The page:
Like many bounce artists, Vockah Redu is from New Orleans. Growing up, he’d rap and make beats wherever he could—even while on the bus and around light posts. As a queer rapper, Redu has always made music with LGBTQ performers and listeners in mind. He describes his and his crew’s work as “more than your typical hip-hop act.” Redu’s early songs used familiar beats and call-and-response lyrics, but now his music incorporates other genres such as jazz, EDM, electronica, and rap. Many consider him to be a bounce artist, but during a live performance on Seattle’s KEXP-FM public radio station, Redu said, “I’m not no longer a part of the bounce. I am bounce because that’s my birth, but I have my own label and genre that I feeds to present myself, and it’s just pop rock neo Vock.”

Durand Bernarr

Durand Bernarr is famous for his powerhouse vocals and the humor he incorporates into his music. He describes his artistry as being Erykah Badu getting into a car accident and Little Richard living to tell the story.

In 2019, Billboard named him one of four rising artists people should know about. A proudly Black queer singer, he has produced many songs about the LGBTQ community, including ones he will perform at the festival, such as “Curiosity,” a song that explores male bisexuality and the first time he had sex with a woman. He will also perform “Prepared,” which is about gay sex. “Gay folks, and the queer community in general, have been getting their groove on to songs that are not catered to them,” Bernarr said in an interview with Nataal. “It’s nice to be able to provide that.” 

He says he will also perform “STUCK.,” joking that people will “riot and throw tomatoes” at him if he doesn’t.

“My main goal and objective is to inspire people to think for themselves and discover who they are, whoever that is,” Bernarr says.


Born and raised in Detroit, ShaunWes started rapping at age 8, making beats at age 12, and barbering in his parents’ basement at age 14. He spent his childhood producing music and giving classmates fresh cuts. In 2006, he left his hometown for Houston, where he became a progressive barbershop owner and operator. After that break from rapping, he returned to his love of writing songs and producing beats. According to his website, he’s known for his soulful, gritty beats and a signature blended cut. “His sound is so ’90s rap,” Haddock says. “He puts a lot of attention on lyrics, talking about culturally relevant topics including racism, homophobia, and police brutality.”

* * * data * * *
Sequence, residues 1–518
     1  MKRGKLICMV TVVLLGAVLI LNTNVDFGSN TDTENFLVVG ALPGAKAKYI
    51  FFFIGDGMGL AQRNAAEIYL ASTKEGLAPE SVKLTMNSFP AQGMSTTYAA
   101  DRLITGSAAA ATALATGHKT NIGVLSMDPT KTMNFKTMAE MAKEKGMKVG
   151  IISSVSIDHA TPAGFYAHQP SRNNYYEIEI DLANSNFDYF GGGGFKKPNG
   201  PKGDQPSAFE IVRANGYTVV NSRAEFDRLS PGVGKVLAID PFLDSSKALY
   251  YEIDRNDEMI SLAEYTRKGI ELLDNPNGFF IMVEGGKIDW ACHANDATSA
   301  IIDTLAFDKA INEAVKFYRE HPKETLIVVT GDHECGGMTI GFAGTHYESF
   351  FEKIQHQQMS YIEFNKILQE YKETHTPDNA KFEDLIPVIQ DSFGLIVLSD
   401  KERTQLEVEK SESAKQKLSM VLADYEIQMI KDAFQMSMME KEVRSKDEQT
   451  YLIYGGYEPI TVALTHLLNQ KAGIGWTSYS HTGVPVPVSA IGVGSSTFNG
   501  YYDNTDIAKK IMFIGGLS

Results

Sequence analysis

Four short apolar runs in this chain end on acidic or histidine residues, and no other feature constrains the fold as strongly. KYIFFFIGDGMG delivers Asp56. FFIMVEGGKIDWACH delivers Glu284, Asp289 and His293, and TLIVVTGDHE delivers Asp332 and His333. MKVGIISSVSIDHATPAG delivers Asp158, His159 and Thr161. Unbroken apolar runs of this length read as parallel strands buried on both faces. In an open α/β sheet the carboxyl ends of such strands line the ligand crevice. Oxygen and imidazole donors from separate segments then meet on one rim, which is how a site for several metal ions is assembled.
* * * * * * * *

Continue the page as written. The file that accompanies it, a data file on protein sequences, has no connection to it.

In the first episode of Bryant Alexzander’s TALKS, Sevndeep said, “I’m an artist first. I rap, I sing, I dance, I act, I like to take people on journeys. When you listen to music, I want you to not think about what you’re going through and just basically come into my world.” Born in Virginia, Sevndeep is the oldest of 11 children. He learned how to dance by watching performances by Missy Elliott, Janet Jackson, and Britney Spears. Inspired by these women, he entered his high school talent show and won, which kick-started his career as a dancer. While he’s known for his jazz-funk choreography, he is also a rapper who began pursuing his passion seriously after a best friend of his died of cancer. Haddock says not only is Sevndeep a great dancer, lyricist, rapper, and performer who produces multicultural sounds and sex-positive songs, but he is also a strong example of unapologetic Black queerness. To his fellow creatives, Sevndeep says, “Put in the work. No matter your sexuality, no matter your gender, anything, put in the work.”

What: Black Queer+ Advancement Music Festival
When: April 30, 3–7 p.m.
Where: Stampede Houston, 11925-B Eastex Fwy. 
Tickets: $25–$75 (use code “Presale” for $10 off) 

Black Queer+ Advancement Music Festival is sponsored by ViiV Healthcare accelerate Initiative, Gilead COMPASS Initiative, Impulse Group Houston, COVID-19 Prevention Network, Legacy Community Health, AIDS Foundation Houston, and OutSmart Magazine.



Lillian Hoang is a staff reporter for OutSmart Magazine. She graduated from the University of Houston with a degree in journalism and minor in Asian American studies. She works as a College of Education communication assistant and hopes to become an editor-in-chief.